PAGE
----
Because of the crowds, day one conference sessions often burst at the seams with attendees eager to hear about new technologies in Red Hat Enterprise Linux 5.
Fellow members of the press corps have already remarked that this is probably the biggest summit in the event's brief three-year history. With two summits under my belt thus far, this reporter was inclined to agree with them.
There were several good reasons why attendance should have swelled this time around, the most notable being the recent release of RHEL 5 and all that the upgrade to that operating system entails for users. The virtualization track, understandably, saw crowded standing-room-only sessions as users took advantage of the ability to ask session leaders questions at the conclusion of their remarks and slide shows.
People really wanted to know more about Xen and Linux -- how to make them hum, best practices, whatever. Our SearchEnterpriseLinux.com site editor Jan Stafford is covering the virtualization angles for us this week, and you can definitely check out her stuff later this week on our site and at sister site SearchServerVirtualization.com.
Alternately, you can also get a taste of the conference keynotes over at our blog, the Enterprise Linux Log. I've already logged a few thoughts on Red Hat CEO Matthew Szulik's "uplifting" keynote on the proliferation of open source in developing nations, as well as some run-of-the-mill press conference notes on the brand new Red Hat Exchange (RHX) and an announcement from IBM about Linux on the mainframe.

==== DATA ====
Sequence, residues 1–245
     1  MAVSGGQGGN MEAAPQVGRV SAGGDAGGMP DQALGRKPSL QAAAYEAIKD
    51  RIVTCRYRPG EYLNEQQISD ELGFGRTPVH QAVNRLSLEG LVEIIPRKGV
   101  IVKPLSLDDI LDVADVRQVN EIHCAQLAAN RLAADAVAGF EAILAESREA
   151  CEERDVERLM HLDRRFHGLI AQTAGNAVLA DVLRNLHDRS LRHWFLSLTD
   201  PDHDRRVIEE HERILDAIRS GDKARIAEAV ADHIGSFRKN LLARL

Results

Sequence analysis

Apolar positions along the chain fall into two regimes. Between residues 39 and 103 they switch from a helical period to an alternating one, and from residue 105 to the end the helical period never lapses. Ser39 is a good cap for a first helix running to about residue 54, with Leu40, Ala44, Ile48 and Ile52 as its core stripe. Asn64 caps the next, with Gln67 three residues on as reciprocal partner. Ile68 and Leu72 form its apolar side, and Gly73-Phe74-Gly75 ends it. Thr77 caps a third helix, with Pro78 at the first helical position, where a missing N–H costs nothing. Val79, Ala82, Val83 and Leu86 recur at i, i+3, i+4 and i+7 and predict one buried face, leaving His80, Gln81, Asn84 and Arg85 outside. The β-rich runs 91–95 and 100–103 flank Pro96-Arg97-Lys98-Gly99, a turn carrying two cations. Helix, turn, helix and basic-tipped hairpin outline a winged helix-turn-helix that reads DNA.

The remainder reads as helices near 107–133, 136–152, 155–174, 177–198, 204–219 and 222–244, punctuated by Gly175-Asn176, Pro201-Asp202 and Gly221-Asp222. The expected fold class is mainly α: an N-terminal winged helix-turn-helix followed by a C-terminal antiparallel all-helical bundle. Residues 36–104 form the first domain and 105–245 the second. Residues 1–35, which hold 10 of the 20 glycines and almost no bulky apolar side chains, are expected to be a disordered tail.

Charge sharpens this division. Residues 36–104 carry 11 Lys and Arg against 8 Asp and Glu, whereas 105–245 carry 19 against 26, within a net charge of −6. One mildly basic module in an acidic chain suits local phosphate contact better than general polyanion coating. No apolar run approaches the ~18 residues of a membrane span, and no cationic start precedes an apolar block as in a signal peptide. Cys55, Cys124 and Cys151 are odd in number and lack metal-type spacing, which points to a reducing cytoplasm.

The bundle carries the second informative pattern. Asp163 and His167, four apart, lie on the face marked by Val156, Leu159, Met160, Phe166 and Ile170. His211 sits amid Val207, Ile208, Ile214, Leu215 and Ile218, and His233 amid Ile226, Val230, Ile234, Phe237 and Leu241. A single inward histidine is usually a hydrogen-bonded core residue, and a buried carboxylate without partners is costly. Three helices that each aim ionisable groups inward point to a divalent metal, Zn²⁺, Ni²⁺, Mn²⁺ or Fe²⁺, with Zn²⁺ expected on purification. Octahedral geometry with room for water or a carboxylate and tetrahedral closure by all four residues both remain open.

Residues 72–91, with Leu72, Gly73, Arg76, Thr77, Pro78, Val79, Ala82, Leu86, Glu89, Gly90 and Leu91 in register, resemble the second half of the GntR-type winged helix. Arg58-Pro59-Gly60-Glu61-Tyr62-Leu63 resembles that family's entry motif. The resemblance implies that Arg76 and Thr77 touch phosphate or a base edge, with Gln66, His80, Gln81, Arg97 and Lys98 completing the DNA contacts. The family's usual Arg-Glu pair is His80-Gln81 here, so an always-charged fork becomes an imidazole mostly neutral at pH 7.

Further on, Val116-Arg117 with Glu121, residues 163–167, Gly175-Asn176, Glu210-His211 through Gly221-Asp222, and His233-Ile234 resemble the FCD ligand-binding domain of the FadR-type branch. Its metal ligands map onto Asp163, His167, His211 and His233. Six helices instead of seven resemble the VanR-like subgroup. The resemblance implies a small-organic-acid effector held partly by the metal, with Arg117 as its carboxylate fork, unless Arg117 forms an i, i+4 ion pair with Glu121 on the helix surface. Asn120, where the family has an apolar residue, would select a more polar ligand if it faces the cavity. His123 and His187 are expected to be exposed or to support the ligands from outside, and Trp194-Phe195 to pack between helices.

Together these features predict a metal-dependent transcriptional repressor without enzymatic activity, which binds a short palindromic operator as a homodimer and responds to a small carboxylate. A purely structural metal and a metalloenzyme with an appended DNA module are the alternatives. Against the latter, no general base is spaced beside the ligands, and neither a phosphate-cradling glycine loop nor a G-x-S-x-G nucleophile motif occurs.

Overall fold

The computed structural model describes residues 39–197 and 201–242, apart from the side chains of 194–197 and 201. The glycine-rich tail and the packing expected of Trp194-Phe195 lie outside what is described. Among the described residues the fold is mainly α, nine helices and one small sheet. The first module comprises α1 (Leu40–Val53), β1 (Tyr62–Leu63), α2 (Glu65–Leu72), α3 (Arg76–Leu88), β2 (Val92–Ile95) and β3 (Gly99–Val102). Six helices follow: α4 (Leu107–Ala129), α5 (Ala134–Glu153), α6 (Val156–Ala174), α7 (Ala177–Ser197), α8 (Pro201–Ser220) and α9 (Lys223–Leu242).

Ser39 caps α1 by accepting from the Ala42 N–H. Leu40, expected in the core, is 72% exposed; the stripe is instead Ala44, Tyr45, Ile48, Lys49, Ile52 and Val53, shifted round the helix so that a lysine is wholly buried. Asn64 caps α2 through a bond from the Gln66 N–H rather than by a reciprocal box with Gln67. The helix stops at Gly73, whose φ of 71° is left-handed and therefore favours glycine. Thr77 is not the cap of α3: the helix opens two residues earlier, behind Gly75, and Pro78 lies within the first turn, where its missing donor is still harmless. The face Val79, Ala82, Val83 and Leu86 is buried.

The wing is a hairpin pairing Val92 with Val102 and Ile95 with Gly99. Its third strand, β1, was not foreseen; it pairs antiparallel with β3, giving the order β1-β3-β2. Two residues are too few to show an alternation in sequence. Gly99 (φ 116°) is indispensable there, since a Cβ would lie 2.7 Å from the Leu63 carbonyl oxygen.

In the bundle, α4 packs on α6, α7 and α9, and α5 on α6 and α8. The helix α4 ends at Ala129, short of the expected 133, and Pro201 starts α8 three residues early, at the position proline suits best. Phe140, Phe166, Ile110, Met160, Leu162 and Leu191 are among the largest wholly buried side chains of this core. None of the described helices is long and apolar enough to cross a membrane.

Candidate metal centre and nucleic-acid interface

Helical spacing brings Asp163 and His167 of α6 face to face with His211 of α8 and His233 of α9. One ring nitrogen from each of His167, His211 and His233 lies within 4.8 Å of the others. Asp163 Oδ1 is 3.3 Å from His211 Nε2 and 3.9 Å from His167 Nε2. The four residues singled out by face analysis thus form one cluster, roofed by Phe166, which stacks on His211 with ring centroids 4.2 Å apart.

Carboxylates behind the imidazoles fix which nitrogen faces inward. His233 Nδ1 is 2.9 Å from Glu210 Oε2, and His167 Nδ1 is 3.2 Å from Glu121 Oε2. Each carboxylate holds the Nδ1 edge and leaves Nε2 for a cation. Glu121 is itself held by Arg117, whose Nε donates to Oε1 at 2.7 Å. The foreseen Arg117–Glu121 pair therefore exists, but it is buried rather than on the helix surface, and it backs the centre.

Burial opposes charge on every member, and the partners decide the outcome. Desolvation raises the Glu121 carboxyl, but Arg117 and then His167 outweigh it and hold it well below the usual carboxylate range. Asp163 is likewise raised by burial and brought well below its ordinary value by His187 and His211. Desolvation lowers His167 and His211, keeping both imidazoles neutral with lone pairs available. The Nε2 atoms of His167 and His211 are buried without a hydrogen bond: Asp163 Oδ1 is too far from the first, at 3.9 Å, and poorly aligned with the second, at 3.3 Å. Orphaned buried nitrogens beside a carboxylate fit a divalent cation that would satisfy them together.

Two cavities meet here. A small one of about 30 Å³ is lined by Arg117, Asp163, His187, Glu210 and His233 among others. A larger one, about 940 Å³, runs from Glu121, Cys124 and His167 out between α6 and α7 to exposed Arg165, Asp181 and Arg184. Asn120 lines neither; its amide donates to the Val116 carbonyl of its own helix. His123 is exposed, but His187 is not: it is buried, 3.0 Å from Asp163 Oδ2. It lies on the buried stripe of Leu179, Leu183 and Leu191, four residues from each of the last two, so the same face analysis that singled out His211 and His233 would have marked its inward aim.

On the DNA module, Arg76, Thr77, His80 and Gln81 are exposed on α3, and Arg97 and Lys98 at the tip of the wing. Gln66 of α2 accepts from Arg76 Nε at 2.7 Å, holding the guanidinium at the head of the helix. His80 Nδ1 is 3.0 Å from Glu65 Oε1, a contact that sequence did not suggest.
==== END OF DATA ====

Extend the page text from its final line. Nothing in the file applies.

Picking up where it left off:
RHX was an idea originally unveiled in March at the official launch of RHEL 5. There were scant details then ("It's like Amazon," said Red Hat's vice president of engineering Paul Cormier), but today we got the meat and potatoes from director of online services Matt Maddox. There are 14 members who will participate, including well-known open source software staples like MySQL. Check out the blog entry above for the rest of the info.
In the afternoon I attended a session on SELinux best practices hosted by Dan Walsh, the man who runs the SELinux operation at Red Hat. SearchEnterpriseLinux.com will have an article up on that later, but for now I leave you with the unforgettable quote Walsh used to quiet the audience and get things started:
"Software sucks. Why? Because humans write software … leave SELinux on all the time everywhere."
All in all it was an eventful day one. Expect some more Red Hat Exchange news and an interview with Red Hat's Tim Yeaton on his response to Oracle's Unbreakable Linux and the Microsoft-Novell deal in day two.